A look from Carolina Santo Domingo's handbag line.

Carolina Santo Domingo is looking to thoughtfully make her mark on handbags.

The designer — creator of the cult Staud Bissett bag — is striking out on her own with a line of carefully considered, Italian-made bags, priced under $1,000.

She will launch her namesake line with a spring collection trunk show on Moda Operandi, kicking off March 24.

Santo Domingo has spent the last year flying between Los Angeles and Italy to develop the label, which focuses on silhouette, quality and wearability. “I want to be known for shapes, proportion, volume and hardware,” she said of the label.

Her line avoids gimmicks. Santo Domingo has a longer-term approach. She has zeroed in on quality and subtle details — using these laurels as a jumping-off point for future designs. Santo Domingo feels that edge paint, stitching and minimal hardware are distinct features for today’s market, affording her room to grow and evolve.

“I want to stick to minimal hardware, something that you could wear everyday. Just classic with a modern twist,” said the designer. Santo Domingo has fabricated her two introductory collections in neutral tones, and plans to gradually ramp up color in future outings.

A look from Carolina Santo Domingo's handbag line.

A look from Carolina Santo Domingo’s handbag line. 

She developed her price point as a market differentiator, with all product remaining under $1,000. As such, Santo Domingo’s line is part of an emerging crowd of midrange accessories brands profiled by WWD last week. “I didn’t want to compete with luxury brands,” she said. “Its impossible to compete with them — they have a huge structure and are obviously very well-known and respected. There are no bags in-between.”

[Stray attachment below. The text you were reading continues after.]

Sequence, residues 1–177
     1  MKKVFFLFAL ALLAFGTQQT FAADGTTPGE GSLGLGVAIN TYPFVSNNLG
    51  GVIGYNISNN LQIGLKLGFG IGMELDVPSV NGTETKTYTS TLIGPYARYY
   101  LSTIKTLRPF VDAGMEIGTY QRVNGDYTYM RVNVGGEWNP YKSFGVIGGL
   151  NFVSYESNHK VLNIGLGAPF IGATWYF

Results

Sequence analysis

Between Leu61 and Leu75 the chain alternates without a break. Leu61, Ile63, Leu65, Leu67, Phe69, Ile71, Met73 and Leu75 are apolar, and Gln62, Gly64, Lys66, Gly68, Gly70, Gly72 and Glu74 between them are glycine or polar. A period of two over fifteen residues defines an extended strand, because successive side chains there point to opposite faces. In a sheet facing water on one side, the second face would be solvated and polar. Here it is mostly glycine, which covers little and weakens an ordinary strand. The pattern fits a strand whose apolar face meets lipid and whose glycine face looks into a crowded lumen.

Santo Domingo’s label will launch with three styles for spring, and grow to four for fall. She plans to launch her own e-commerce site this May. Wholesale partners — still being confirmed — will be taken on for the fall season. “I want to build strong relationships with the retailers I work with. Nowadays it’s very easy for products to become oversaturated,” she said.

Designs are more elevated than the $350 cylindrical shape Santo Domingo designed for L.A. upstart Staud in 2015, which sold out of multiple production runs.

Nonetheless her new designs build on the Bissett’s bucket shape, but avoid its rigidness — allowing for greater versatility and comfort. Santo Domingo’s launch assortment for spring includes the cube-shaped carryall called Sirena, priced at $995. There is also a hand-knit raffia piece, Corallina, with resin chain strap and handles, priced at $575. A single artisan spends four hours to hand-crochet the style. All leather pieces come with a removable, adjustable shoulder strap.

Carolina Santo Domingo

Carolina Santo Domingo 

One staple style — an inverted-V shape tote called Amphora — took months of refining. “I tried to keep it almost looking like it was held together by one pin the middle, with very little stitching on it,” she said of the bonded leather style, $825.

“Some people with bucket bags don’t like how it pops off body so much — this one sticks to body a little easier. In Colombia everyone wears the Mochilla bags and I noticed all my friends wearing Mochillas, not leather bags. I wanted to offer something in between. It almost looks like a petal when it’s closed.”

For fall, the Amphora comes fabricated in a mini size, as well. Santo Domingo has included an evening clutch for that season.

The label’s branding — with a logo designed by Louis-Marie de Castelbajac — is purposefully open-ended. Her first photo shoot was shot in still-life, without models or styling, to leave their sentiment up to consumer interpretation. Said Santo Domingo: “The shapes are the primary focus.”

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